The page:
Sneak peek of TETI’s new direction:

After making significant advancements during the first four-year term, the Center currently focuses on two thrust areas: (a) advanced oxide fuels and (b) advanced nitride fuels. In the oxide thrust, we extend the computational and experimental framework to the temperature extremes crucial for developing the fundamental understanding of fuels at operating temperatures. In oxide fuels, heat transfer is primarily by phonons. Phonon transport, in turn, is governed by the interatomic potential. The interatomic potential is written as a series expansion of mathematical functional terms that depends on the position of atoms. At high temperatures, the higher-order terms in the series must be included, presenting non-trivial computational and experimental challenges. A central challenge for the nitride thrust involves accurately capturing the scattering of electrons by phonons. This scattering mechanism is primarily responsible for limiting thermal conductivity in nitride fuels. However, the interactions between electrons and phonons are challenging to model and unambiguously observe. TETI’s emphasis here will be on using multiple investigative methods spanning different aspects of the solution space to accurately gauge the impact of electron–phonon coupling. Meeting these challenges will give the fuel community the tools to develop advanced fuels with superior thermal transport properties. Moreover, developing a comprehensive understanding of thermal energy transport can offer opportunities for energy-related technologies beyond nuclear energy.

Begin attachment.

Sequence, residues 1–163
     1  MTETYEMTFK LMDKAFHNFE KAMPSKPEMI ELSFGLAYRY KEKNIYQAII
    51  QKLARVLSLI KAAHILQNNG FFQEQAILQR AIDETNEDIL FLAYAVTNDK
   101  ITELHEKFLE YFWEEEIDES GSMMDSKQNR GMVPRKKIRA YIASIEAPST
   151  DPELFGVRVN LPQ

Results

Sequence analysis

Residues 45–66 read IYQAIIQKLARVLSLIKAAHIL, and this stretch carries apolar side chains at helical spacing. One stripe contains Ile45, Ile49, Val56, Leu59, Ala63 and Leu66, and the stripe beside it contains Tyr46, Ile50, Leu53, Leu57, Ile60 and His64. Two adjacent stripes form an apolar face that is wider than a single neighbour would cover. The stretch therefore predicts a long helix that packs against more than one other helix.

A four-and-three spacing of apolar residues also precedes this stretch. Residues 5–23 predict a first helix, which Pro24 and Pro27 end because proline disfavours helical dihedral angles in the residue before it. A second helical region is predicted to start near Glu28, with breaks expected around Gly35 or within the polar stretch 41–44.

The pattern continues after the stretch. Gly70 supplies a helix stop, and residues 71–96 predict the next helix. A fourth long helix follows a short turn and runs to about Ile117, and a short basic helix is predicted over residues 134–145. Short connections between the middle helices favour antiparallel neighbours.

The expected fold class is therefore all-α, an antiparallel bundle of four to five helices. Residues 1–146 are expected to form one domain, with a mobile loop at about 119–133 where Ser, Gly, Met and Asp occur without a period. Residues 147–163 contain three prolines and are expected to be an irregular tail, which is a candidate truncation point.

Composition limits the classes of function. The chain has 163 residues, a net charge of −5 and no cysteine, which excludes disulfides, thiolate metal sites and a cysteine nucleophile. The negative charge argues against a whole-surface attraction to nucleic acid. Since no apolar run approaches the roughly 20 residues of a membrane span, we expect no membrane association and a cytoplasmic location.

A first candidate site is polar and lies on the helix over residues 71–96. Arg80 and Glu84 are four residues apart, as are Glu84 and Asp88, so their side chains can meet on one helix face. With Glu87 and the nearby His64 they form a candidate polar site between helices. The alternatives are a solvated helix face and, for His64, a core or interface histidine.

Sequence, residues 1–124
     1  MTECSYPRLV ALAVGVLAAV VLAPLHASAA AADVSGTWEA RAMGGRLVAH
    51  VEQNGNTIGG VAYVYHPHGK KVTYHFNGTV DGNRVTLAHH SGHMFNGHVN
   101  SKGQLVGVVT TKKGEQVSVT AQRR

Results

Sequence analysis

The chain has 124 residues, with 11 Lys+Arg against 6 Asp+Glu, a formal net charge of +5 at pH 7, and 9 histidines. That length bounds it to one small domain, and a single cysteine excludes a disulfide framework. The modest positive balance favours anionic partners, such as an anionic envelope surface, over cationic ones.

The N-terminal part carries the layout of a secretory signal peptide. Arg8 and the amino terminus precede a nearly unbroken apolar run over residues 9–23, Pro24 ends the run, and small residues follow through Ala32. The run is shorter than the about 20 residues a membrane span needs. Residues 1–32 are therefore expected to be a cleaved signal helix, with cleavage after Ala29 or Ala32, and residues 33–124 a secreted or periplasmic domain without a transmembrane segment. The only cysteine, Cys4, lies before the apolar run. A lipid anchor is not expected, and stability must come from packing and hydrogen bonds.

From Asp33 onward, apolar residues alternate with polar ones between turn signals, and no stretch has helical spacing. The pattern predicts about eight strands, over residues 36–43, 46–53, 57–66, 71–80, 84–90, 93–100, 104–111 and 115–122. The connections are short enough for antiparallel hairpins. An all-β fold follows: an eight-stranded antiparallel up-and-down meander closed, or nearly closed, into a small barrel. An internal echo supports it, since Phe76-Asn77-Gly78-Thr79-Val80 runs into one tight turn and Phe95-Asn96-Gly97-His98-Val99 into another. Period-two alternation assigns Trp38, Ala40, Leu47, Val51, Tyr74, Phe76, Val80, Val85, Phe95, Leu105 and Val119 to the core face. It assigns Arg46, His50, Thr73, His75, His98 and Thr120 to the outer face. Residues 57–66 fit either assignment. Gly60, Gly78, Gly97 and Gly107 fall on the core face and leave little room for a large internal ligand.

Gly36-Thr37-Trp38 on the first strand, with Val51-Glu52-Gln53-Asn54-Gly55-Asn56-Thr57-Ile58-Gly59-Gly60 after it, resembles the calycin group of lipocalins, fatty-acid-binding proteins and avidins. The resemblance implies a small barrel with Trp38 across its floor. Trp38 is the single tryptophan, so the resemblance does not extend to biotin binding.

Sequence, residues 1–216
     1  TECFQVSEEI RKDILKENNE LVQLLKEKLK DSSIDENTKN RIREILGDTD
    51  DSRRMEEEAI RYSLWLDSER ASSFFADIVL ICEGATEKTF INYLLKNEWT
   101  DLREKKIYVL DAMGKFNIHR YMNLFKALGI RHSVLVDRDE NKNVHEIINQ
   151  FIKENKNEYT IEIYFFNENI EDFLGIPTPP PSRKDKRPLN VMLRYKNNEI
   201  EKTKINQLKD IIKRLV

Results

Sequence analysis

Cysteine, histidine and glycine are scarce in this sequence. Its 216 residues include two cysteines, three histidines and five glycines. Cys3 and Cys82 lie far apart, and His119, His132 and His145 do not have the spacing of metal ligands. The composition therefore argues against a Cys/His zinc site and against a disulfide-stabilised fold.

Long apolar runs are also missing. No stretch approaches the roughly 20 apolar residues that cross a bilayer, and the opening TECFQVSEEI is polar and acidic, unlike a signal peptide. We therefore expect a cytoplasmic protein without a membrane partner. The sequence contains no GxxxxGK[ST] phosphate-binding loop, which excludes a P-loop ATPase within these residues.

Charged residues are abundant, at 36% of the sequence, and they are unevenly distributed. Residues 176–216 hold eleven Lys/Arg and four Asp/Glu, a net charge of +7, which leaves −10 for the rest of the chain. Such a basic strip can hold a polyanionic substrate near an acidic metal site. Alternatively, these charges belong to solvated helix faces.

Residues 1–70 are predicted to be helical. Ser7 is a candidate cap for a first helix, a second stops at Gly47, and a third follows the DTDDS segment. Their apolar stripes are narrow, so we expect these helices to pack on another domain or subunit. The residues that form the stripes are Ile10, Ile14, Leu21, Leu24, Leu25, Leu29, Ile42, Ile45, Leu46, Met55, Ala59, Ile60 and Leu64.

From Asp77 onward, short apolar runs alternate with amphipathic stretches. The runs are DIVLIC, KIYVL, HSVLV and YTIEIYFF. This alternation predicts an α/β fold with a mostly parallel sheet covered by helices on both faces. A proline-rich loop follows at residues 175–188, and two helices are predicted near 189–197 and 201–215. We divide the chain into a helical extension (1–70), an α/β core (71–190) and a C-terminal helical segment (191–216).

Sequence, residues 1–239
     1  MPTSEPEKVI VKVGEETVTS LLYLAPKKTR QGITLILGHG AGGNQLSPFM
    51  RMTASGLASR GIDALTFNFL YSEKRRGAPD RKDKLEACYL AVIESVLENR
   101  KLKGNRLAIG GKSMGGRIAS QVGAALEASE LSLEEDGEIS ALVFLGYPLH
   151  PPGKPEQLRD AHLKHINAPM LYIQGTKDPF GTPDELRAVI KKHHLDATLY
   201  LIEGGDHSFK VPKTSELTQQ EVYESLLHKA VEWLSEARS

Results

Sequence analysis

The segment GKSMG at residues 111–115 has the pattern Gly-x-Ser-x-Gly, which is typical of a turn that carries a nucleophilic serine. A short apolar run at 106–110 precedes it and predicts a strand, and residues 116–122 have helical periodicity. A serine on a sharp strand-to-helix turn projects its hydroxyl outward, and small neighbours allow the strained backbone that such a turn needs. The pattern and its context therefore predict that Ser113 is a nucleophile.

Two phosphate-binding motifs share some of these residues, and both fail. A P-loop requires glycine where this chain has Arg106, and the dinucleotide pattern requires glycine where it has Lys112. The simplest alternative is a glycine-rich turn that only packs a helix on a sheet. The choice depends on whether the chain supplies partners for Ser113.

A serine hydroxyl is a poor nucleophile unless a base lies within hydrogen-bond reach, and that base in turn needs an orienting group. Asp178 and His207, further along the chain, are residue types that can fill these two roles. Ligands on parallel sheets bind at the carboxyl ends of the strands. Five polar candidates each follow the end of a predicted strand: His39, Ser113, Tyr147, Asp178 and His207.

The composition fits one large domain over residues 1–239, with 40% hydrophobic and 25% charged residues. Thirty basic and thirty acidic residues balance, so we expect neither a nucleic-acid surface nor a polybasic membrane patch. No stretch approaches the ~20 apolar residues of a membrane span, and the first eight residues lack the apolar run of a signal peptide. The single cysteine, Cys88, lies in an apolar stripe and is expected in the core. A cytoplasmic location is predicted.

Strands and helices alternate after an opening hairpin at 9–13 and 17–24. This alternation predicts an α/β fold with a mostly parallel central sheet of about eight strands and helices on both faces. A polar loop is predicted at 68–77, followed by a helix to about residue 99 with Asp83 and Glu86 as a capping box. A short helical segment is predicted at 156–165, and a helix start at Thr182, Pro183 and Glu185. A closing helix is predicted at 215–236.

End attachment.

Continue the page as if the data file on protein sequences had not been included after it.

More Information

[1] Hurley et al. “Thermal Energy Transport in Oxide Nuclear Fuel”, Chem. Rev2022, 122, 3, 3711–3762.

[2] Xiao et al. “Validating first-principles phonon lifetimes via inelastic neutron scattering”, PhysRevB.106.144310.

[3] Zhou et al. “Improving empirical interatomic potentials for predicting thermophysical properties by using an irreducible derivatives approach: The case of thorium dioxide”, arXiv:2204.13685.


This newsletter and the work cited in the newsletter were supported from the Center for Thermal Energy Transport under Irradiation (TETI), an Energy Frontier Research Center funded by the U.S. Department of Energy, Office of Science, Office of Basic Energy Sciences. The author also acknowledges that this research made use of the resources of the High-Performance Computing Center at Idaho National Laboratory, which is supported by the Office of Nuclear Energy of the U.S. Department of Energy and the Nuclear Science User Facilities under Contract No. DE-AC07-05ID14517.

About the author(s):

Linu Malakkal is a computational material scientist in the Computational Mechanics and Materials department at the Idaho National Laboratory working in the Thermal Energy Transport under Irradiation (TETI) EFRC and performs atomistic scale simulations for the United States High-Performance Research Reactor Program. He also serves as the U.S. DOE Basic Energy Sciences Early Career Network (BES – ECN) Representative for TETI. ORCID ID # 0000-0003-4895-0323.